Watch: Google Android running on the iPhone 3G

Watch: Google Android running on the iPhone 3G

Summary: A tech editor has been documenting weeks of work to port the full Google Android operating system to the Apple iPhone 3G.

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If you've ever wanted to see the (im)perfect marriage of Apple and Google, here it is.

PCWorld's David Wang has been documenting weeks of work to port the full Google Android operating system to the Apple iPhone 3G.

It's been a slow and steady process, but he's finally making headway.

In a video, Wang shows that he can connect to Wi-Fi, browse the web and send and receive SMS texts, as well as run Android Market apps that don't require audio support.

Here's a look:

Wang says that once he knocks out the audio hurdle, he'll post binaries and instructions for warranty-breaking, intrepid coding-types to hack their iPhone into Android-y oblivion.

The point? Phones are more like computers than ever before -- and that paves the way for the mobile industry to follow the path of the desktop one.

Palm's webOS on the Nexus One, anyone?

[via Wired]

Topics: Mobility, Android, Google, Hardware, iPhone, Mobile OS, Smartphones

Andrew Nusca

About Andrew Nusca

Andrew Nusca is a former writer-editor for ZDNet and contributor to CNET. During his tenure, he was the editor of SmartPlanet, ZDNet's sister site about innovation.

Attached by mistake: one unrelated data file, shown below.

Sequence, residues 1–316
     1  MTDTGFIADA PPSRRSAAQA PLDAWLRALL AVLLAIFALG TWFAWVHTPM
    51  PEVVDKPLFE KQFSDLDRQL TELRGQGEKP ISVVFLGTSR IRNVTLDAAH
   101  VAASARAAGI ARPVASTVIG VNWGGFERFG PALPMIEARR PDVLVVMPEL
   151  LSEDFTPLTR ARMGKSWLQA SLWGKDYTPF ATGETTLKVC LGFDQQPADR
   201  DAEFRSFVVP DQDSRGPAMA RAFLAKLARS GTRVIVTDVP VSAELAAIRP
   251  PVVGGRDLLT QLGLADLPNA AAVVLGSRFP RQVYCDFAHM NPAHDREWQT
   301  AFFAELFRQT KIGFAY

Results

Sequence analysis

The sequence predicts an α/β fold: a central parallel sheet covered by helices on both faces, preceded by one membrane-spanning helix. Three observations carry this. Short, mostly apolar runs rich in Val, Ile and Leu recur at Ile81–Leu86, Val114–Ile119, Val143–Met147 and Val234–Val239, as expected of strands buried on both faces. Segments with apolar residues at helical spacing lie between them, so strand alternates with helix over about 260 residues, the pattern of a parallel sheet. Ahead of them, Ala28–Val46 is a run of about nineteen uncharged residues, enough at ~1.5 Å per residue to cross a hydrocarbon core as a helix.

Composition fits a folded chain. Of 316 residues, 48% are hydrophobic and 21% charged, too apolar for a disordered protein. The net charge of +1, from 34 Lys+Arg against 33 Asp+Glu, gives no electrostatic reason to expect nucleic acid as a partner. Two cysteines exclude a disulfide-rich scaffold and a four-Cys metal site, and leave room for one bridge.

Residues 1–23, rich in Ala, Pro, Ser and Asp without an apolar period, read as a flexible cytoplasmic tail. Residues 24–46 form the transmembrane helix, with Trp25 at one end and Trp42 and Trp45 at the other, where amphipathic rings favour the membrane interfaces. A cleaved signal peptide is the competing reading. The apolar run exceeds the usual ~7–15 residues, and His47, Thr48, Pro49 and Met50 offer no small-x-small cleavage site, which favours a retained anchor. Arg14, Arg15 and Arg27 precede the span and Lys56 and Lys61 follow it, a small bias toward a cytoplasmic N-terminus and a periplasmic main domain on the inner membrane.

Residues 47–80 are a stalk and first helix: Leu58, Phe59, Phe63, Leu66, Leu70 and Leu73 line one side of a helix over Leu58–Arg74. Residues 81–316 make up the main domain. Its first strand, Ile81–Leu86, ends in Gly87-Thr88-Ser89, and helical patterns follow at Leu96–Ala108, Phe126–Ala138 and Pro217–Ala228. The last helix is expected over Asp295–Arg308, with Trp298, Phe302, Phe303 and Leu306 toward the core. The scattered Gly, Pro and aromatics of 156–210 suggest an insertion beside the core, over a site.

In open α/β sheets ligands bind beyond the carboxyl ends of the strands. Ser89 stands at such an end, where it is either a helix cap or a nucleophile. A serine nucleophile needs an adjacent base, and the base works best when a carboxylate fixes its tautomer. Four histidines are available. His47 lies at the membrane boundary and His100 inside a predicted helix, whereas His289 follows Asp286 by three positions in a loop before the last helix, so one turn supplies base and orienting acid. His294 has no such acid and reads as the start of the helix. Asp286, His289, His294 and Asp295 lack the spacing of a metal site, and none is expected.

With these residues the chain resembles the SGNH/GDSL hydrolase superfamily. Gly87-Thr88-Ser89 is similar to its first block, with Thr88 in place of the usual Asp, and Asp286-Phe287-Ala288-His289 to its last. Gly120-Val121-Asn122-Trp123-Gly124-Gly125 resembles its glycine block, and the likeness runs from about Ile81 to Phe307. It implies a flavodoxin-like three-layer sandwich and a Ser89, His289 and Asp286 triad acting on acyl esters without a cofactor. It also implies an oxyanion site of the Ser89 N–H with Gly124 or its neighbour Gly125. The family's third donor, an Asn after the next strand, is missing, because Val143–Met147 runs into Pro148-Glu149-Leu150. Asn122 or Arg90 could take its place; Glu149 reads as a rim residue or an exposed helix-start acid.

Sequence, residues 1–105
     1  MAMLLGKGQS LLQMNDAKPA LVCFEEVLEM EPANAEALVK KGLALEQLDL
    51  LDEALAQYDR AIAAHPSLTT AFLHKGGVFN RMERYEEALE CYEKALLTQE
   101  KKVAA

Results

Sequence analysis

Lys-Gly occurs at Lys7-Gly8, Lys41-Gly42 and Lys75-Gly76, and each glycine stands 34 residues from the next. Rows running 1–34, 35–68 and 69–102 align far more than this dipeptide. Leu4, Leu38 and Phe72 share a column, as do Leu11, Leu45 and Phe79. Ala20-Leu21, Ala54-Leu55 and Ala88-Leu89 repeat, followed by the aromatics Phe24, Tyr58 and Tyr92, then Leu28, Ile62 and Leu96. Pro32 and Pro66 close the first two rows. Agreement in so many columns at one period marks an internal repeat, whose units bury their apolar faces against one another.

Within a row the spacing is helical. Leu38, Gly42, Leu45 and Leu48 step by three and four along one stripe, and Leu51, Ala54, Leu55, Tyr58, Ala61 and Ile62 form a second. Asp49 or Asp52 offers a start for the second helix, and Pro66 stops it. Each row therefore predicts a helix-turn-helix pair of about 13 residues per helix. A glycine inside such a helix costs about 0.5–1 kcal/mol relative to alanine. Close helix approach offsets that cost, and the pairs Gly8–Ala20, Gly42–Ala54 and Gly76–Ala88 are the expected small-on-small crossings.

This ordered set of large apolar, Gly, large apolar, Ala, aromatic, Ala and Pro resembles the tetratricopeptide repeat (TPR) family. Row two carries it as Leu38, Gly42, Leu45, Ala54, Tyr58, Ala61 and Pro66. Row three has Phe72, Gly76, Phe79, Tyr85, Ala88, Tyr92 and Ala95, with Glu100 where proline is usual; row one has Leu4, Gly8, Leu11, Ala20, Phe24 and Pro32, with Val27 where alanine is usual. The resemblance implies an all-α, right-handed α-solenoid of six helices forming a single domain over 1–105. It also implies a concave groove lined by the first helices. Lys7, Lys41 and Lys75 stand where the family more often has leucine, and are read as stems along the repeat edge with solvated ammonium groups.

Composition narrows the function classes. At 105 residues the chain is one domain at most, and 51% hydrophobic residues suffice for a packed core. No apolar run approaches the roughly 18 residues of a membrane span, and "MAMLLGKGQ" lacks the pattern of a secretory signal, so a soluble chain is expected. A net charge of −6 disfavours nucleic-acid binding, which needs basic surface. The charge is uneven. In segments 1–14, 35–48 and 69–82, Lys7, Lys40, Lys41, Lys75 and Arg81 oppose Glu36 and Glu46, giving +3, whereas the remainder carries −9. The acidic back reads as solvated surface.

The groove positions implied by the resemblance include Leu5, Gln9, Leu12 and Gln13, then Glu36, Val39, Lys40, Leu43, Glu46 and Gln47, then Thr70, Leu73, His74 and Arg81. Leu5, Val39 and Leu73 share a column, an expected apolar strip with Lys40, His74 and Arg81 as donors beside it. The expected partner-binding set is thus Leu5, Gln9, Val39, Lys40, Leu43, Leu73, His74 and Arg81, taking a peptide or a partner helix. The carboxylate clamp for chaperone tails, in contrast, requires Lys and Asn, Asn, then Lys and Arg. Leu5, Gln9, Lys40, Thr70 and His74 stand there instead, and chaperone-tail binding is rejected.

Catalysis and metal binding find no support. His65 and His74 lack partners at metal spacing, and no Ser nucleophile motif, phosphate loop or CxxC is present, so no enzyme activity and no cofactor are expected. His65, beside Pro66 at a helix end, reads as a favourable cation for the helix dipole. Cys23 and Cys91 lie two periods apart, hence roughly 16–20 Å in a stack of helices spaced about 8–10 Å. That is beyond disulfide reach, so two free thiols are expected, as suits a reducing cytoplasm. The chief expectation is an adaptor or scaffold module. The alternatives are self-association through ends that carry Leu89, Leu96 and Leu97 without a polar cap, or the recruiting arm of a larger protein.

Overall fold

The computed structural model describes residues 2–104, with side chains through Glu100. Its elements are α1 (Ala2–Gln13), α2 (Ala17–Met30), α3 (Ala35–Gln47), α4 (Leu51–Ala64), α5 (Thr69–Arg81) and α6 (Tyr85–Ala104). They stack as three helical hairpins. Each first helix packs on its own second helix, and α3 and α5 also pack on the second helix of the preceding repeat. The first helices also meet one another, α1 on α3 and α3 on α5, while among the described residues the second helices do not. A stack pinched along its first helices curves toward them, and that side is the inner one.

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3 comments
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  • RE: Seriously ... what's the point???

    With the cost of all the time and effort he spent doing the experiment, he could had just purchase an Android phone and save money.

    Same for anybody wanting to play with his binaries. Between the cost of the iPhone and all the work needed to get Android installed and running ..... what would be the point?? Bragging rights??
    wackoae
    • Because they can.

      @wackoae
      People
    • Best of breed

      @wackoae: I'm sure this process won't be for the faint-of-heart, so no doubt there will be some people who do it for bragging rights or "because they can."

      But I suspect there are some people who have wished they could have one phone's hardware running a different phone's OS. I have a couple of friends who always get stymied by wanting a particular mobile OS on a particular network and in a particular form factor. It's a more difficult combination to achieve than you might think.

      But mostly, geeks just like to play with their toys. :-)
      the.ksmm